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Int J Cancer. 2003 Nov 10;107(3):478-85.

ERK inhibitor PD98059 enhances docetaxel-induced apoptosis of androgen-independent human prostate cancer cells.

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1
Department of Biochemistry/Molecular Biology, University of Nebraska Medical Center, Omaha 68198-4525, USA.

Abstract

Anticancer drugs docetaxel and vinorelbine suppress cell growth by altering microtubule assembly and activating the proapoptotic signal pathway. Vinorelbine and docetaxel have been approved for treating several advanced cancers. However, their efficacy in the management of advanced hormone-refractory prostate cancer remains to be clarified. Microtubule damage by some anticancer drugs can activate the ERK survival pathway, which conversely compromises chemotherapeutic efficacy. We analyzed the effect of ERK inhibitors PD98059 and U0126 on vinorelbine- and docetaxel-induced cell growth suppression of androgen-independent prostate cancer cells. In androgen-independent C-81 LNCaP cells, inhibition of ERK by PD98059, but not U0126, plus docetaxel resulted in enhanced growth suppression by an additional 20% compared to the sum of each agent alone (p < 0.02). The combination treatment of docetaxel plus PD98059 also increased cellular apoptosis, which was in part due to the inactivation of Bcl-2 by increasing phosphorylated Bcl-2 by more than 6-fold and Bax expression by 3-fold over each agent alone. At these dosages, docetaxel alone caused only marginal phosphorylation of Bcl-2 (10%). Docetaxel plus U0126 had only 20% added effect on Bcl-2 phosphorylation compared to docetaxel alone. Nevertheless, both U0126 and PD98059 exhibited an enhanced effect on docetaxel-induced growth suppression in PC-3 cells. No enhanced effect was observed for vinorelbine plus PD98059 or U0126. Thus, the combination therapy of docetaxel plus PD98059 may represent a new anticancer strategy, requiring lower drug dosages compared to docetaxel monotherapy. This may lower the cytotoxicity and enhance tumor suppression in vivo. This finding of a combination effect could be of potential clinical importance in treating hormone-refractory prostate cancer.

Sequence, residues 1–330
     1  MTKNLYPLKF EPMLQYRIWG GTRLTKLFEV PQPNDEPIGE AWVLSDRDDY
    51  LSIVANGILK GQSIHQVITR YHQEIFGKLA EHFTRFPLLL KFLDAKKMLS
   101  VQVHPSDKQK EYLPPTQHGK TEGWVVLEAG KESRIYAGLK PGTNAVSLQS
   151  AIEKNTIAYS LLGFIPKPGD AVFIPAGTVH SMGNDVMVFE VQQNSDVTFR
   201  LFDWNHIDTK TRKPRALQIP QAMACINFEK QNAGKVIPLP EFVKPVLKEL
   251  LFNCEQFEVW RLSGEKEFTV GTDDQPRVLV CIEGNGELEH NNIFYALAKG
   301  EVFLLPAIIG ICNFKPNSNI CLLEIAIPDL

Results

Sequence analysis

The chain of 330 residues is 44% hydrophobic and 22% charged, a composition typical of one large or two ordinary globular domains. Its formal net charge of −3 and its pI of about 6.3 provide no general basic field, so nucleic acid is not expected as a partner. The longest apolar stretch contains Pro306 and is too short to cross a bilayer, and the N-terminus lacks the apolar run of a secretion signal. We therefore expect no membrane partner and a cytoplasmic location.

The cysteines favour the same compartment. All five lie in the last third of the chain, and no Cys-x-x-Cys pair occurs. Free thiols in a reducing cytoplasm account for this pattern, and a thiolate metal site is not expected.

PMID:
14506750
DOI:
10.1002/ijc.11413
[Indexed for MEDLINE]
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